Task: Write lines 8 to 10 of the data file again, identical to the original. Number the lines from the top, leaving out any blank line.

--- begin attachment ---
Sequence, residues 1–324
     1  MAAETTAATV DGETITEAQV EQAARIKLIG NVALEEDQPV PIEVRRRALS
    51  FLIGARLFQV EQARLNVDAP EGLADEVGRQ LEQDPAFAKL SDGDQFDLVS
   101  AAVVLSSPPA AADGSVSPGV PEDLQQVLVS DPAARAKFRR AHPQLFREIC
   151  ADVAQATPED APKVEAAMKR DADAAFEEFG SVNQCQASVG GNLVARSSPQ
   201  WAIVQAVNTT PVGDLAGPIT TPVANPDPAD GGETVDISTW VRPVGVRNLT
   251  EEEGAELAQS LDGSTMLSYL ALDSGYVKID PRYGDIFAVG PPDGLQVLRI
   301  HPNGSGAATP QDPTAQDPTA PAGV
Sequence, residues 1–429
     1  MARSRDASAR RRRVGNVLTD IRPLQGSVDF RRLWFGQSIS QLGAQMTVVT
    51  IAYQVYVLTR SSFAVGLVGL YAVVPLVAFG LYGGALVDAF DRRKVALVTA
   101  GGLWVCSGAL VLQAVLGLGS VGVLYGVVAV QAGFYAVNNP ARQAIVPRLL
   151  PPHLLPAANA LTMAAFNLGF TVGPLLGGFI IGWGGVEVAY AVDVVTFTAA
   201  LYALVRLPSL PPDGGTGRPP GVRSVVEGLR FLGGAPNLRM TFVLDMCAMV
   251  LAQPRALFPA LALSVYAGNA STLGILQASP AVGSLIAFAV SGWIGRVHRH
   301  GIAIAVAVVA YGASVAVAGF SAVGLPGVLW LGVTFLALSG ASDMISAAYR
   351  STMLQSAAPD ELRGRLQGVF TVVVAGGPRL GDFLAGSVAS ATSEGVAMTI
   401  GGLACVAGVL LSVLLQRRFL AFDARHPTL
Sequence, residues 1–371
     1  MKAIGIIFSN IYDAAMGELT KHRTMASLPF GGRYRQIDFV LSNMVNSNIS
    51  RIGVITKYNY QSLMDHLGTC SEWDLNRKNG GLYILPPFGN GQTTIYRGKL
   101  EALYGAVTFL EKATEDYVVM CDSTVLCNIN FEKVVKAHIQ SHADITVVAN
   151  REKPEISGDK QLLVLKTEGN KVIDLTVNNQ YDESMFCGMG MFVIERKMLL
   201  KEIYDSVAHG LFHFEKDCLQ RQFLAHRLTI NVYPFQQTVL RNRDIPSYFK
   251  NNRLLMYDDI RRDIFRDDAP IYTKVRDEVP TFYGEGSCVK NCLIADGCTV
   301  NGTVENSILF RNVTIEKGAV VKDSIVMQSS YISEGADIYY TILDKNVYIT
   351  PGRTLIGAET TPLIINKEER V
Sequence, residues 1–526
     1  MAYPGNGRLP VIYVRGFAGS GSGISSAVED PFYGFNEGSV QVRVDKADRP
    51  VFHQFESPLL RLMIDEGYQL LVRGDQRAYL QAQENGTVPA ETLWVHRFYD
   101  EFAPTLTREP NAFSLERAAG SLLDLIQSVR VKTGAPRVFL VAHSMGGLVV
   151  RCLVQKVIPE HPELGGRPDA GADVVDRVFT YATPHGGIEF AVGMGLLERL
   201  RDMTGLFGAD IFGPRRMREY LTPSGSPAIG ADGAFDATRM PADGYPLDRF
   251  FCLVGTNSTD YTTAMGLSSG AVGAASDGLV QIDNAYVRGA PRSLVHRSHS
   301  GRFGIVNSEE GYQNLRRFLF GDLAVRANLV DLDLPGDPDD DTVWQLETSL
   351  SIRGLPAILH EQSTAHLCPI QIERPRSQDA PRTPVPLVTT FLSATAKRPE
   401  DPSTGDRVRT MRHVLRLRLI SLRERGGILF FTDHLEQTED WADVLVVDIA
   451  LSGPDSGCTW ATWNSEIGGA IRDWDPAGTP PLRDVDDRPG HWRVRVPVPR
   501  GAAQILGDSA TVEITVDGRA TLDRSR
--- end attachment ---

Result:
   301  HPNGSGAATP QDPTAQDPTA PAGV
Sequence, residues 1–429
     1  MARSRDASAR RRRVGNVLTD IRPLQGSVDF RRLWFGQSIS QLGAQMTVVT